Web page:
Read the full review here.

3. Charlie's Country 

In Charlie's Country, a wondering camera treads the road lead by blackfella community leader, Charlie, capturing the strange, hybrid life that he has created for himself (or has been created for him, depending on your political conviction). Charlie squats on his own land, surviving on what remains of his welfare payments whilst dancing precariously on both sides of the law - often assisting policeman and drug dealers in the same day. But his most significant struggle is his efforts to salvage the dying ways of Aboriginal custom his community no longer seems to care about. The young ones are sorely disconnected with his rich heritage and many of his friends are lost to alcoholism. Films exposing the modern Aboriginal condition are far and few between, Charlie's Country the first being the first of any significance. It is the collaborative proficiency between Australian director Rolf de Heer and veteran performer and screen-writer David Gulpilil, which results in the masterwork standard of Charlie's Country. Gulpilil harbours an astonishing chemistry with the screen which is perfectly matched with the poetic narrative of Charlie's life. 

2. Force Majeure

Force Majeure is best described as a disaster film where the real horror lies in the disaster failing to occur. The feature profits off soft observation and beautifully still camera-work. It is a richly involved character study of intriguing individuals yet is still highly situational. Tailored with biting social commentary, understated choreography and an abrupt, orchestral score, Force Majeure is a savagely comedic and uncomfortably truthful illustration of the divergence between a person's ideals and their actions. When a fathers' weakness is laid plain for his family to see, the entire family dynamic is shattered, the glorious remains a goldmine for humour, insight and surreal retrospection.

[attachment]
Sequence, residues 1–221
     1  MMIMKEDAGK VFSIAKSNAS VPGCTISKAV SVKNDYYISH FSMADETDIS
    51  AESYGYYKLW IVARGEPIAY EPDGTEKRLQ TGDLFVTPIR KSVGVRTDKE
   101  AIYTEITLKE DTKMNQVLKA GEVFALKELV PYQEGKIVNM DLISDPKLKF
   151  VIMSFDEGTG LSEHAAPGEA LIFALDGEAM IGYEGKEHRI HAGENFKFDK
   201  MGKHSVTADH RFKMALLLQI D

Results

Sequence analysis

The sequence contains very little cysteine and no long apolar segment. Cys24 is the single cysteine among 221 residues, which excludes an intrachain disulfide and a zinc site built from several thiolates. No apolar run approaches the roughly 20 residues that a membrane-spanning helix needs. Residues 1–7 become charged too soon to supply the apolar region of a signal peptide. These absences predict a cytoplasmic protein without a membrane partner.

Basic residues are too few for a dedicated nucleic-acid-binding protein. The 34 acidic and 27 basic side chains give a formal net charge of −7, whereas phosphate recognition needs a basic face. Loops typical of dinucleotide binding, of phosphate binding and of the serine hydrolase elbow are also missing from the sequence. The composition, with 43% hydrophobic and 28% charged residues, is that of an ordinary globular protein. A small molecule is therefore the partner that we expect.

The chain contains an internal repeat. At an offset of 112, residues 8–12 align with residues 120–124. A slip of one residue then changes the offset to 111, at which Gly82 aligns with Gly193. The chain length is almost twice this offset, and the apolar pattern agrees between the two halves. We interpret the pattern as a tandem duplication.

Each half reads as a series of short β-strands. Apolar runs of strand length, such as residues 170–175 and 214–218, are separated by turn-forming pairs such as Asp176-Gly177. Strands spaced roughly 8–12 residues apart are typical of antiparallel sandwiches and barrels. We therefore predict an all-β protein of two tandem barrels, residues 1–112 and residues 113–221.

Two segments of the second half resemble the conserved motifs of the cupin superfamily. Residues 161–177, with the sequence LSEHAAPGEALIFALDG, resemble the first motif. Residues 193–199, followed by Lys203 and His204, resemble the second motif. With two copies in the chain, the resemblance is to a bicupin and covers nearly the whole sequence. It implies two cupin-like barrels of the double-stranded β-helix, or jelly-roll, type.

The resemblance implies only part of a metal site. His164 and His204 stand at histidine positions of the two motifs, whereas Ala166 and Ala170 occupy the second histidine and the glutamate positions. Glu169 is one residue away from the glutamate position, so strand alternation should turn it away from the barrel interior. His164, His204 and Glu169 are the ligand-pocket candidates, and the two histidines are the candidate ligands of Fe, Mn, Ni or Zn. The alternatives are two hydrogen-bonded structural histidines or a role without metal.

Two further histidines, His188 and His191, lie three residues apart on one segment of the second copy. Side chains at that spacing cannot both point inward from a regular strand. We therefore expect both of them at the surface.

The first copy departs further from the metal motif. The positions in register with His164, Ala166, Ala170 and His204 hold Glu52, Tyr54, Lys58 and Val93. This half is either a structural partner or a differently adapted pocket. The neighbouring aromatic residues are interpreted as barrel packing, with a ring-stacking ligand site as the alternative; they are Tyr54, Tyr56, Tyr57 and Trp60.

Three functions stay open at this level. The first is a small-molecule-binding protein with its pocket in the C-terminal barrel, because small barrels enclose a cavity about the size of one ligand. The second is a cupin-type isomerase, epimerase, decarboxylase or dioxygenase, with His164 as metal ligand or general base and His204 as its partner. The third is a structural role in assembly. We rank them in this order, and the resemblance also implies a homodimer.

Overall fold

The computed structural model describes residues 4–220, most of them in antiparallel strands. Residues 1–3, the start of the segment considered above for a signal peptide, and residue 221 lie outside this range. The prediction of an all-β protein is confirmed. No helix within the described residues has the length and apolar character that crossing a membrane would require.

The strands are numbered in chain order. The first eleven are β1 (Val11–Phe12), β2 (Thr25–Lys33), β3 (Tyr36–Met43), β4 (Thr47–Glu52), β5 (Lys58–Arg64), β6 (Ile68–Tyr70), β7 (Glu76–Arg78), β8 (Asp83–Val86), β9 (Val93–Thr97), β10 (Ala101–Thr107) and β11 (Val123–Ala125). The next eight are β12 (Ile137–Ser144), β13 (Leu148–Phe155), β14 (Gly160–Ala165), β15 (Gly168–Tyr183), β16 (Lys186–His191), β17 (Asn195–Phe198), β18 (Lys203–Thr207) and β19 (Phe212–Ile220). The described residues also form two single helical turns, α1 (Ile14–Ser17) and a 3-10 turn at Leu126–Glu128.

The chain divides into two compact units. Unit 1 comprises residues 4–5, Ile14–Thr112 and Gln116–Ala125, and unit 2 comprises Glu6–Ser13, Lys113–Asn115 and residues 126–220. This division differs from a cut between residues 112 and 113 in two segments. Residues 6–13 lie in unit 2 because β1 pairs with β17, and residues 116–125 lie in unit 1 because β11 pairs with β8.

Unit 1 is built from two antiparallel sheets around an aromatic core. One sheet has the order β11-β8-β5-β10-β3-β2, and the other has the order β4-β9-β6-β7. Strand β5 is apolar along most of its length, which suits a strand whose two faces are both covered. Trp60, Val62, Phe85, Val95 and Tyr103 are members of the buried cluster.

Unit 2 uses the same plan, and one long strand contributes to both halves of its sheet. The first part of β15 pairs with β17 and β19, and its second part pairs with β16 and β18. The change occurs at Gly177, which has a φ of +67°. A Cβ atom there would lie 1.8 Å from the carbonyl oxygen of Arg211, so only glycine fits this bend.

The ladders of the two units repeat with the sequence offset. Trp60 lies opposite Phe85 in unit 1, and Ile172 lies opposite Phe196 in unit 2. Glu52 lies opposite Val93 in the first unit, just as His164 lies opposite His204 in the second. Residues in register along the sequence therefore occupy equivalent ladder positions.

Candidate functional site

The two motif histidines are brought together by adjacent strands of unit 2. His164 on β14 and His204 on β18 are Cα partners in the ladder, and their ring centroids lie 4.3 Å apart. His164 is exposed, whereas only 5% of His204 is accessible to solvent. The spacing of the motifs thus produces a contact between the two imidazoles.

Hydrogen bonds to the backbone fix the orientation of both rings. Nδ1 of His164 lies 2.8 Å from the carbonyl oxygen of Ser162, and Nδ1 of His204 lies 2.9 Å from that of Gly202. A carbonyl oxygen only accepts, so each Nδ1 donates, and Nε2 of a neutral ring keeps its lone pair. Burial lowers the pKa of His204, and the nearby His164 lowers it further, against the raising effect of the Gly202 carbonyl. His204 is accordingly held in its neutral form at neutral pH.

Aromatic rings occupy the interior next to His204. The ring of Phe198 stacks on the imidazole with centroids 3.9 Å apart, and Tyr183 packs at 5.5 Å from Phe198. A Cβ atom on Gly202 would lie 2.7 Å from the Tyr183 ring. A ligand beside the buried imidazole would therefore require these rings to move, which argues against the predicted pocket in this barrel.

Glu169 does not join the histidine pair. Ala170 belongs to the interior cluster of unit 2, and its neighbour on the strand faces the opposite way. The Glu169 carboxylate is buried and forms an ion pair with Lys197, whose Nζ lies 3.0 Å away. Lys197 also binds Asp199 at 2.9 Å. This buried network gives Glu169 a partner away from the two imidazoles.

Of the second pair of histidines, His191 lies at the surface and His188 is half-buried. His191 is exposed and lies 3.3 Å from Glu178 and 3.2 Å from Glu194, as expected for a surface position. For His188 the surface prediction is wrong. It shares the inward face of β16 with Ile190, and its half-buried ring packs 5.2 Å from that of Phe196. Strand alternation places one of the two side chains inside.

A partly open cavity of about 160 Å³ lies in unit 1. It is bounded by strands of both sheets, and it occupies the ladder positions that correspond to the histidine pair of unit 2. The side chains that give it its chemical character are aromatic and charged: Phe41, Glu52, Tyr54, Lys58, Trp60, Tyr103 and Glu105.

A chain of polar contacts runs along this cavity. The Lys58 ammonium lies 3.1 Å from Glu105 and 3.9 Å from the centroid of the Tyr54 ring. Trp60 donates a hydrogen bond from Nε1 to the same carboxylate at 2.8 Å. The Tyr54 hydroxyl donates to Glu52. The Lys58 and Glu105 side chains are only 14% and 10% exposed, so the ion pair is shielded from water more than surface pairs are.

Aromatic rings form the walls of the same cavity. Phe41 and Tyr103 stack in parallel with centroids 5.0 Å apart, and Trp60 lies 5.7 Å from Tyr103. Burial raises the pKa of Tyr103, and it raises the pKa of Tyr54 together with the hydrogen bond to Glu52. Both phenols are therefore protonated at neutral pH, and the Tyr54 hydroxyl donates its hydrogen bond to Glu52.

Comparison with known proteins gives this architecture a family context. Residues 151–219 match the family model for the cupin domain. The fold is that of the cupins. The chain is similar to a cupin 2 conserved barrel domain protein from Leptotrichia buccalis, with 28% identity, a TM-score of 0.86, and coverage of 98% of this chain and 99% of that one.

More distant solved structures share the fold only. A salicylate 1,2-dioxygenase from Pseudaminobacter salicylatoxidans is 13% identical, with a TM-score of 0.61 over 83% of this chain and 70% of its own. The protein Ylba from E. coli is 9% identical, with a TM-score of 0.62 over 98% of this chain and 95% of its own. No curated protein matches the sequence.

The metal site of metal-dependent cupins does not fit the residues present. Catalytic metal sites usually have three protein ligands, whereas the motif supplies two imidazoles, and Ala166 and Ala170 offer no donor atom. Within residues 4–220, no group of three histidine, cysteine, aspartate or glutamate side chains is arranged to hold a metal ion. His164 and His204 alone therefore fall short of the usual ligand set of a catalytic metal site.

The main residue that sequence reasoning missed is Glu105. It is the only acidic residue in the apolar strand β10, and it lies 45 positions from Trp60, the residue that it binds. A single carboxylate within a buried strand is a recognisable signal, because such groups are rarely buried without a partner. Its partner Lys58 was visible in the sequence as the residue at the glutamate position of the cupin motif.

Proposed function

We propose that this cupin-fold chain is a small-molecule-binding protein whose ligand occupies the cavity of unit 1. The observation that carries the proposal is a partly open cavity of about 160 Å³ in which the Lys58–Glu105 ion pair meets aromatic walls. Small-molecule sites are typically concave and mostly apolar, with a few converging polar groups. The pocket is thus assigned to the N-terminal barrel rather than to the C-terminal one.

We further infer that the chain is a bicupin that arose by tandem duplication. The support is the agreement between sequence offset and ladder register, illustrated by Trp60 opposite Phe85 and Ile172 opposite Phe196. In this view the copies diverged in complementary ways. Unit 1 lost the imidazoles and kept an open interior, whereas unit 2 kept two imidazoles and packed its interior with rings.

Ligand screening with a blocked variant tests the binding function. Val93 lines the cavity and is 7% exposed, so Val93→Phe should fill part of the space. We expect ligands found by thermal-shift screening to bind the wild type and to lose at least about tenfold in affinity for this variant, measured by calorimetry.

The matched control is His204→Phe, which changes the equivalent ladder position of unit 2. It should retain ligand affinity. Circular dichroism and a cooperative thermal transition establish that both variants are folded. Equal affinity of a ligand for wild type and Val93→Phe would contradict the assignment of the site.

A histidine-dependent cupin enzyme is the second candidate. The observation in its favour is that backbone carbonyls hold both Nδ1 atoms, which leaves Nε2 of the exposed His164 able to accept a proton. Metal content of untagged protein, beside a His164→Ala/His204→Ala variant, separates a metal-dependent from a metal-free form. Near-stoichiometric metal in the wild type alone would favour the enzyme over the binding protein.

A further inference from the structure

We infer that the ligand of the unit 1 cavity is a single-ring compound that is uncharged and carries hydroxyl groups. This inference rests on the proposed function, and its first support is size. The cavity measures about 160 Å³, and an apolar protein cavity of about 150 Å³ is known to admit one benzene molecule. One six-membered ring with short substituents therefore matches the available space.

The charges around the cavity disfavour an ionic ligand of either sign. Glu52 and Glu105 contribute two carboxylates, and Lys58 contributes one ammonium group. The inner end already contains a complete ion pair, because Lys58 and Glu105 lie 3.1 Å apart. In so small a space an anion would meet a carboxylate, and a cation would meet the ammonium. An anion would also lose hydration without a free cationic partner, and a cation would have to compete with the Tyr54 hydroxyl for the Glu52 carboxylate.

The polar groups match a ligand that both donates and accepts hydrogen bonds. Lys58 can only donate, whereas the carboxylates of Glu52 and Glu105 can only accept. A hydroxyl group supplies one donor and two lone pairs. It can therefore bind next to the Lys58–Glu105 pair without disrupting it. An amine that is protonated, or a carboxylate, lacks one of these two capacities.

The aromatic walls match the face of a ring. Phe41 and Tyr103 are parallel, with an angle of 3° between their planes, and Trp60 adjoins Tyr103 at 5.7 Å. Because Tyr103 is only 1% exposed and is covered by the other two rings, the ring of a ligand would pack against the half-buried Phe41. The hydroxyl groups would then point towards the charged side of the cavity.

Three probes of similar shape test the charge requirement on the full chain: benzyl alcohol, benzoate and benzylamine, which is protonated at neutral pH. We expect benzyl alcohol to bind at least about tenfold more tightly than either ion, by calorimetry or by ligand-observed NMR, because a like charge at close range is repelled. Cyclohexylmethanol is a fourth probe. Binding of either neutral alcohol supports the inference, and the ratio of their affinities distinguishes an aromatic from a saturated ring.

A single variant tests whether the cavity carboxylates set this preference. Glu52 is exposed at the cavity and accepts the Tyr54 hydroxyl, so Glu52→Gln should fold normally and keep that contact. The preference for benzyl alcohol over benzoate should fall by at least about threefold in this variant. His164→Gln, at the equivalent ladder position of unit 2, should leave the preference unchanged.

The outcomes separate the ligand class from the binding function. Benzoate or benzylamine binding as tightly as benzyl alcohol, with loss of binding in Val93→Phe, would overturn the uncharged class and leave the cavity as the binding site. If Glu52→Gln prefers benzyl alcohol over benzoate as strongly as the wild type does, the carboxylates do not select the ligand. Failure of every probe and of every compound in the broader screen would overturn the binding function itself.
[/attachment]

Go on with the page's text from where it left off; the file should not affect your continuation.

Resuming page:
Read the full review here.

1. Gone Girl

A polished work of exuberant style, elaborate sound mixing and understated cinematography, Gone Girl achieves classic Fincher greatness. With intrigue calling at every artfully crafted plot twist, the feature is a master-class of film-making, spectacularly original, slick, a stimulating recall of everything a crime thriller should be. The alluring Rosamund Pike delivers the greatest performance of the year, slipping into each persona of her complex character with ease and a seductive prowess. The first act of the feature is beautifully ambiguous, each sequence shrouded in dark cloud of confusion and mystery, achieved with the nuances of a spectacular script and a truly indelible atmosphere.  The second act, sitting proudly on the shoulders of a perfectly executed plot twist, moves in mesmeric ways, cutting between the now established realities of Nick Dunn and his lovely, lovely wife. Decidedly warped and deliciously indulgent, Gone Girl is the epitome of cinematic escapism, sensationalist and lurid it may be, but in any way flawed? Not a chance.